The 5 selling mistakes that lose business
I know that Dale Carnegie told you to meet face-to-face. But what else are you doing that was initiated in 1937? Oh. That’s right. The typical sales model of focusing on solution placement.
Buyers only buy when their entire Buying Decision Team is on board and when there is buy-in to bring in something new without causing major disruption. Trying to make an appointment before they know how to manage the elements that will touch the final solution will incur the following problems:
- It’s a double sale
– first selling an appointment and then attempting to sell the solution to only those people who will see you (although many who don’t want to see you still need your solution). You will lose over 90% of your prospective buyers this way. [But if you begin by helping them first recognize their own excellence/change criteria, you can begin your sales job immediately – and without an appointment.]
- You will end up seeing only one or two people at your appointment and may need to make several visits. Trust me: the Buying Decision Team is much, much larger than the folks you will initially meet — although a prospect will probably not know the full complement of Decision Team members until they are almost ready to buy. [Until buyers know all of the idiosyncratic and political issues that might be involved with bringing in a new solution, they cannot know who needs to be involved in the final decision. You can help them, starting on the first call.]
- You are turning off people that can and might buy you. Buyers buy using their buying patterns, not your selling patterns.
2. Treating the ‘need’ as if it were an isolated event. A need never exists on its own. It sits within a system of people and policies and workarounds and relationships. Until everything around it has a plan to get resolved simulteneously, they will not fix ‘the problem': there is no such thing as one issue, sitting and waiting to be fixed. And the adjacent issues are not part of your solution or your sales initiative.
3. Offering solution data too soon. Until or unless the entire Buying Decision Team is ready and willing and able to purchase a new solution, the data you are offering them is too much, too soon. They do not need the data. For example: You don’t need data about the new gym until you have already decided to lose weight, get fit, get up at 3:00 a.m to get to the gym before work, etc. It’s not about the gym. When you start by gathering/sharing data, you are beginning at the wrong end of the buying journey.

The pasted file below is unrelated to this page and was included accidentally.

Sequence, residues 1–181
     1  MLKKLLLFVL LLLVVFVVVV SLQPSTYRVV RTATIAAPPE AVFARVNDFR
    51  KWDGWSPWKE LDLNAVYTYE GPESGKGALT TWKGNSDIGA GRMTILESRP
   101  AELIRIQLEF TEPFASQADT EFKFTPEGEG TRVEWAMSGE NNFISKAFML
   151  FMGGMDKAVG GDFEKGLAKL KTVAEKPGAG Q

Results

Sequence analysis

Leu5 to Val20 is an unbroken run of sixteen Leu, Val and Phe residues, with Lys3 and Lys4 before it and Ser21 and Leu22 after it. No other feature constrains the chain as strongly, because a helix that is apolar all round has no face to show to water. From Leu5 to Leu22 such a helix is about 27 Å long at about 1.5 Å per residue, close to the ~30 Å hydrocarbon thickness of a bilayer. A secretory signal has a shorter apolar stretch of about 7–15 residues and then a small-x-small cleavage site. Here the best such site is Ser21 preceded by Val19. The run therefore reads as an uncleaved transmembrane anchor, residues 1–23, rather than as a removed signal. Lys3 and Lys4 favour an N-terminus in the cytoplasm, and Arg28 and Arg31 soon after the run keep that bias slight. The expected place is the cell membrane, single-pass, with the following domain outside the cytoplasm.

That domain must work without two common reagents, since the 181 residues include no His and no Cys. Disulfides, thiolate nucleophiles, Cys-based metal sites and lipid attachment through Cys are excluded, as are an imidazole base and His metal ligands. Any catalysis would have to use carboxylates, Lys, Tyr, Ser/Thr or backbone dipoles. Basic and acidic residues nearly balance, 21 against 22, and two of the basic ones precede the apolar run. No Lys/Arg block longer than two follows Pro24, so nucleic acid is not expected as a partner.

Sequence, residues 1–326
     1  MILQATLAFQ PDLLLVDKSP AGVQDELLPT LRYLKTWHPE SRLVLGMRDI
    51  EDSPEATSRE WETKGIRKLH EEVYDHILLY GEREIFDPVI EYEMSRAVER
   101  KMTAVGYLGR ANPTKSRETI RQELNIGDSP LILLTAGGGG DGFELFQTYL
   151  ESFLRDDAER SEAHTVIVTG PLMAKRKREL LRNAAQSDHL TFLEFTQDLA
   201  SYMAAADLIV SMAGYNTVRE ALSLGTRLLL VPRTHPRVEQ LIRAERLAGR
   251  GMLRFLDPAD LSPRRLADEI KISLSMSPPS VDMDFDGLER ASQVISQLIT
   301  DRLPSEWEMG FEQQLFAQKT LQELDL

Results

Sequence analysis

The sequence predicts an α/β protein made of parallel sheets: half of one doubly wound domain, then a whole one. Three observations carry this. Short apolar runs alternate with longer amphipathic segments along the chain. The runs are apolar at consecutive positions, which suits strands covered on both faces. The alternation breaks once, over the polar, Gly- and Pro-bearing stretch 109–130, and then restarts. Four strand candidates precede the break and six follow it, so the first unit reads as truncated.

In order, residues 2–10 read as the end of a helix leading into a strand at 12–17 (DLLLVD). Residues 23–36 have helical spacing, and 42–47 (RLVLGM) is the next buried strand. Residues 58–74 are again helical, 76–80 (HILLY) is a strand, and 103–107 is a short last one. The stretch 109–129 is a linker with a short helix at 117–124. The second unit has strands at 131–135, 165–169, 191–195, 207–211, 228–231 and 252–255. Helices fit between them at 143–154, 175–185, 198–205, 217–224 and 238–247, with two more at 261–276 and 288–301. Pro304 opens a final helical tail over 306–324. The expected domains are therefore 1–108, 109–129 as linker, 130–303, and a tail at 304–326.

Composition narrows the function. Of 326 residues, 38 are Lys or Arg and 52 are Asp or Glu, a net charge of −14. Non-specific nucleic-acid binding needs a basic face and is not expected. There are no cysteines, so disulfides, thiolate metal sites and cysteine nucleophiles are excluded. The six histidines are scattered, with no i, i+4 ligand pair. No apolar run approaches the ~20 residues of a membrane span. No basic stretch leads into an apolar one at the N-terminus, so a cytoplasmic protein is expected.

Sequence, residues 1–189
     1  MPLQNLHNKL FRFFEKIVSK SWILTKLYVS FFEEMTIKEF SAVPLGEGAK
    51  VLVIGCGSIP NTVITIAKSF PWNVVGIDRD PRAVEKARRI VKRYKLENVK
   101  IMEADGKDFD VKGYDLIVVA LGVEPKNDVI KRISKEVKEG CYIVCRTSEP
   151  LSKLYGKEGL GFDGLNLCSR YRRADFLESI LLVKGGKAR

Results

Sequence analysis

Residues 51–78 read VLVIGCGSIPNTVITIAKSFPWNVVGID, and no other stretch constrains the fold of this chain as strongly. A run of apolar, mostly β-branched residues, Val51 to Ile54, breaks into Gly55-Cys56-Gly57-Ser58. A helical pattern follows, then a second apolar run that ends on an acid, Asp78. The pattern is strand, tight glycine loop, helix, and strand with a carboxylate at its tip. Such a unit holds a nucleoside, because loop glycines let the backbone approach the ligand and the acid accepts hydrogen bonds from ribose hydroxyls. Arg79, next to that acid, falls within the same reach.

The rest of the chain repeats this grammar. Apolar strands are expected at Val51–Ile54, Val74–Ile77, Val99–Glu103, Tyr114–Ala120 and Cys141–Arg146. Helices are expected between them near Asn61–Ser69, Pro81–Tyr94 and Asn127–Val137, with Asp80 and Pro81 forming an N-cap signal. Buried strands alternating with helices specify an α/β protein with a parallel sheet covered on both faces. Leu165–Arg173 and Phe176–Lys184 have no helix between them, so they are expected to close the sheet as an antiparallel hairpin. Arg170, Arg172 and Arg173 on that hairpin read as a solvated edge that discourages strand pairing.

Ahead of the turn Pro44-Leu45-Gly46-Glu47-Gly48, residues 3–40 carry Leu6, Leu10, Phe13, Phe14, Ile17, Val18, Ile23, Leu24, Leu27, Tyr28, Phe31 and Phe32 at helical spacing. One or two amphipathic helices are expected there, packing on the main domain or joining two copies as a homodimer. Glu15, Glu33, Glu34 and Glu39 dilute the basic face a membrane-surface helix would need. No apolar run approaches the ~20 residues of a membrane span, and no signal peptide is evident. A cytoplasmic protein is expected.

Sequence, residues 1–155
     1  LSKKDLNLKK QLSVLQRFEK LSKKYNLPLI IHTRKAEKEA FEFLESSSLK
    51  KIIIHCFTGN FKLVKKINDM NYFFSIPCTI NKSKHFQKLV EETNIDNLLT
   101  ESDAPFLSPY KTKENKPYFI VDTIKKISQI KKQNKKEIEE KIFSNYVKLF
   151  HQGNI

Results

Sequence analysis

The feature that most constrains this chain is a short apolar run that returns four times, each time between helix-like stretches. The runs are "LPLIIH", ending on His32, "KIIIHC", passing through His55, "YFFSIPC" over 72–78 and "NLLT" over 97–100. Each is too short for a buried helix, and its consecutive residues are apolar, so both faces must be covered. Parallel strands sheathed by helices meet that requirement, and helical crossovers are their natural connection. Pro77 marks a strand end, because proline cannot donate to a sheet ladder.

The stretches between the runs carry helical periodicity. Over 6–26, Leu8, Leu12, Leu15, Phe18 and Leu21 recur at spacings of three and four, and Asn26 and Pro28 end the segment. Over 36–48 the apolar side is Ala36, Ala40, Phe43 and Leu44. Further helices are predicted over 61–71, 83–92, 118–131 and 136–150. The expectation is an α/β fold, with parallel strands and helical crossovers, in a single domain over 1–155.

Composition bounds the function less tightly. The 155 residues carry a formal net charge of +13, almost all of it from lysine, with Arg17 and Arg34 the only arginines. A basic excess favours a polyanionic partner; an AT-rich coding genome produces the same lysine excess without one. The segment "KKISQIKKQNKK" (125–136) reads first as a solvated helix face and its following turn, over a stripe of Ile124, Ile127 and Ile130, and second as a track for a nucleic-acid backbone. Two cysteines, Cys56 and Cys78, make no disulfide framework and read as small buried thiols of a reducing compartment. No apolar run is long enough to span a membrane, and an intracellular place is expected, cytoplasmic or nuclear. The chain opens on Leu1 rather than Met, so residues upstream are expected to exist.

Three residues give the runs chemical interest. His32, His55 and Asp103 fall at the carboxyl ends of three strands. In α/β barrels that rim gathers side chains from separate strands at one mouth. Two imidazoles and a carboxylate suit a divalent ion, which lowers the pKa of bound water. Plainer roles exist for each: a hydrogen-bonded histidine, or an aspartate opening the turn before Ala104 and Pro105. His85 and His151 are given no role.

4. Assuming the need should be resolved on the sales person’s time frame. Contrary to your belief, the buyer is not sitting and waiting – with bated breath – for you to show up as SuperSeller and fix their ‘problem.’ If they had such a strong need, they would have fixed it already. They are managing fine without you. Maybe not perfectly, but well-enough to maintain their status quo while getting the necessary buy-in for change.
5. Trying to find The Decision Maker. The Decision Maker? What does that MEAN? If the gatekeeper doesn’t let you through, she’s the decision maker. If the CSO suddenly and inappropriately gets involved and disrupts the forward trajectory – and it isn’t even in his/her area of responsibility – s/he is the decision maker.
Every. Single. Person. Who. Touches. The. Solution. Is. A. Decision. Maker.
Two things need to happen before you can sell a solution: 1. the buyer has to figure out how to get appropriate internal buy-in and traverse the route (not merely understand it) from where they are to where they want to be; 2. the buyer must choose a solution and manage all of the fallout that bringing in your solution would involve.
No matter what their need – which they’ve lived with until now – or how well your solution fits, nothing will happen until the buyer’s decision journey is complete.
Would you rather sell? Or have someone buy? They are two different activities.